High tech innovations at the EMS Copenhagen dispatch center are giving people experiencing out-of-hospital cardiac arrest (OHCA) a better run for a longer life.
And there’s data to prove it.
The technology, streaming video and artificial intelligence, is part of international initiatives—such as NG911 in North America and the NG112 standard in Europe—to aid emergency dispatchers in further assisting callers, bystanders, field responders, and incident commanders.
The tools featured in the EMS World conference presentation (Sept. 19) “High Tech Innovations in Dispatch” focused on their application to CPR, although next steps in emergency dispatch innovation could include stroke and sepsis identification and instructions.
“Time is of the essence [in cardiac arrest], and dispatch has the biggest impact on survival,” said EMS Copenhagen CEO Freddy Lippert, also a founding member of the Global Resuscitation Alliance, who was among four presenters during the hour-long virtual session.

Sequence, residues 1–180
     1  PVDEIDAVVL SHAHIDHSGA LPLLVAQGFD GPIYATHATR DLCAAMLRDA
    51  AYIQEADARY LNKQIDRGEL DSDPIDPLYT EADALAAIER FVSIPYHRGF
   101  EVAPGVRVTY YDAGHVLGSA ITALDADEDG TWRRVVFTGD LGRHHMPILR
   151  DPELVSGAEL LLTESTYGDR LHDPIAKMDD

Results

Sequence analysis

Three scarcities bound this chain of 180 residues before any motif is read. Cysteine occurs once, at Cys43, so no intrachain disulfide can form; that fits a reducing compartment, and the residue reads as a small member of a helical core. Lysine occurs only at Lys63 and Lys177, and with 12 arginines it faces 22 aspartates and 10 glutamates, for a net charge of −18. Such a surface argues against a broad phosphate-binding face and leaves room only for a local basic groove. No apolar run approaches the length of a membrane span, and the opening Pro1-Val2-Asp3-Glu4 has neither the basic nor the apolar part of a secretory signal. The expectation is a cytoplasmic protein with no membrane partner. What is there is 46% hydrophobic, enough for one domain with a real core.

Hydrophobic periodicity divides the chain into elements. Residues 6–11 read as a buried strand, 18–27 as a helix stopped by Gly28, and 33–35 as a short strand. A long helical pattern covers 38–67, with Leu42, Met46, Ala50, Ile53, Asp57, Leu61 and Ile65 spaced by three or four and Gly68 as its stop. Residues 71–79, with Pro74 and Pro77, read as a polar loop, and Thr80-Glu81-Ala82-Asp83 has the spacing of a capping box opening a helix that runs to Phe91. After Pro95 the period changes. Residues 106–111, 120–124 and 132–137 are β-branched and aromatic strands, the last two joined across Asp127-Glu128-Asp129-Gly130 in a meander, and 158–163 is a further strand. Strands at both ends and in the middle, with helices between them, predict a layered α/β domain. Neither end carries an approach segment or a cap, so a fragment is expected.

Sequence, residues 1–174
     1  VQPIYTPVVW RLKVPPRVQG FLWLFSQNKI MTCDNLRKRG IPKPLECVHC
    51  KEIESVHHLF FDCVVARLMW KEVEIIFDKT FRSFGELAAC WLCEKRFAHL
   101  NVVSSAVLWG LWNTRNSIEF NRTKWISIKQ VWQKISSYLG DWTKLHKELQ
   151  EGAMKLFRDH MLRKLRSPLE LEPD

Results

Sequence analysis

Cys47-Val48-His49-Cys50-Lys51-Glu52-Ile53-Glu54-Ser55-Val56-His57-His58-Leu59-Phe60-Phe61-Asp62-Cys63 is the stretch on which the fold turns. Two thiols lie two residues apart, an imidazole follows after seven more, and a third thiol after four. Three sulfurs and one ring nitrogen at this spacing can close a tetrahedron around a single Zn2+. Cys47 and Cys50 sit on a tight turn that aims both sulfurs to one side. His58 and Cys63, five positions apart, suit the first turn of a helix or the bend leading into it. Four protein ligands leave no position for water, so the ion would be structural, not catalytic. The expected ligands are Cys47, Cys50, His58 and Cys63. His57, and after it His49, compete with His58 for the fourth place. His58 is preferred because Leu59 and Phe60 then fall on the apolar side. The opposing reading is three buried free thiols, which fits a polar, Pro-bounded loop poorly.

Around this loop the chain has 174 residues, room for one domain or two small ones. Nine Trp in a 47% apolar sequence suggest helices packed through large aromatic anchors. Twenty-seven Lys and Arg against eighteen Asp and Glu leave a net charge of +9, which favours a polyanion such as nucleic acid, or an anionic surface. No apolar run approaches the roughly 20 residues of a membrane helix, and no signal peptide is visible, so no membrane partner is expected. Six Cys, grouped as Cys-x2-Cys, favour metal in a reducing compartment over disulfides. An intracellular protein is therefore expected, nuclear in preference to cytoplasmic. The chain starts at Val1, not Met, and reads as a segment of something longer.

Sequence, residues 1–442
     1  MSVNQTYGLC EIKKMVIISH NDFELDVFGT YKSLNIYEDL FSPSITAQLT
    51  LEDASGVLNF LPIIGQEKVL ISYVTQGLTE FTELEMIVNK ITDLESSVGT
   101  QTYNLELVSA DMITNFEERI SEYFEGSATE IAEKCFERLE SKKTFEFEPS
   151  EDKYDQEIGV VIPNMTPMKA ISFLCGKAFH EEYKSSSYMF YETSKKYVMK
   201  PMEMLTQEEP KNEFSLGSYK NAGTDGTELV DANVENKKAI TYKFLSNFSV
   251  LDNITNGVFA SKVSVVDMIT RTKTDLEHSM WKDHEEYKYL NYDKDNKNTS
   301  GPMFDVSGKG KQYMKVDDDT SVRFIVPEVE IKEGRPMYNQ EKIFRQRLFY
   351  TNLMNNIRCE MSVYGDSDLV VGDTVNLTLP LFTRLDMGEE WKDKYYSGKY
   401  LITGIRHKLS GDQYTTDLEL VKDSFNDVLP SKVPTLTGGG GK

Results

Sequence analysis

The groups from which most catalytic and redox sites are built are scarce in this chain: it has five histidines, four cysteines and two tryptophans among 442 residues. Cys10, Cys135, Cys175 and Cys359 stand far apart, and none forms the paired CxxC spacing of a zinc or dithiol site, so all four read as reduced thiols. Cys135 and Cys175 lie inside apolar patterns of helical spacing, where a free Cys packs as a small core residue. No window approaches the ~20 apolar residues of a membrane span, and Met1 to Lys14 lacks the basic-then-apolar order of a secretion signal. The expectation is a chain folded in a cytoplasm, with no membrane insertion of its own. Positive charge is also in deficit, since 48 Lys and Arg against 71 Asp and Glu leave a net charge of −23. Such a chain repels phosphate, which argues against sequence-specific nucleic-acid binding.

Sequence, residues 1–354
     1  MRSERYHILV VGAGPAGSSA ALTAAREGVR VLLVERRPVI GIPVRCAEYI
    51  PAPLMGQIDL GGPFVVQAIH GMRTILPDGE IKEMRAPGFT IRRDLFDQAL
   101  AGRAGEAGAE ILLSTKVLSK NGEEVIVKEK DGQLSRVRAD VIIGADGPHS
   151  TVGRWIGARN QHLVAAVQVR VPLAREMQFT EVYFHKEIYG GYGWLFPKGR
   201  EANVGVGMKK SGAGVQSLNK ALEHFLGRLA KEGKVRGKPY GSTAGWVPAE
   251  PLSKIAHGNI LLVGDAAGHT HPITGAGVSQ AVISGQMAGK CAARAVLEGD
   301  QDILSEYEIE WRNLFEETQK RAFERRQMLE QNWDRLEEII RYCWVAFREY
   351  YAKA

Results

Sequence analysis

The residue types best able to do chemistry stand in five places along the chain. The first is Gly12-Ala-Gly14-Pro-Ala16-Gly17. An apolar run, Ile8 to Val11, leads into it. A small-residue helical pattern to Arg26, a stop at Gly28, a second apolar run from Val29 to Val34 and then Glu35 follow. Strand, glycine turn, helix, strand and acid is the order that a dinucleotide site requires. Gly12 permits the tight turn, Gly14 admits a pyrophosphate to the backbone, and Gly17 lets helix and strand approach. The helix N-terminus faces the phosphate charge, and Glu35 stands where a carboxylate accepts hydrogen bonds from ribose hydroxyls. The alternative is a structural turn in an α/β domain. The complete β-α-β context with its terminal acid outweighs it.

In Copenhagen, Denmark, emergency calls coming into Region Hovedstadens Akutberedskab (roughly “EMS in the Capital Region of Denmark”) are screened with the location verified and, if medical, the call is forwarded to an emergency medical dispatcher to determine the appropriate response.1
When the 112 call (the equivalent of the U.S. 911 emergency number) sounds like a cardiac arrest, the medical dispatchers send the caller a text message that contains a hyperlink. When the calltaker clicks the link, the medical dispatcher can view the scene through the caller’s cellphone camera, live and in real time. The medical dispatchers guide the bystanders to perform CPR until the arrival of the ambulance and use the nearest automated external defibrillator (AED).2
There are 20,789 AEDs available at just as many locations in Denmark and an active Civilian First Responder System.
Preliminary data of 700 calls involving cardiac arrest from a video pilot program showed that response was changed in 30% of the calls incorporating the live streaming. The percentage was not evenly split, with 10% requiring a higher level of response and 20% requiring a lower level once the emergency dispatcher was able to view the situation.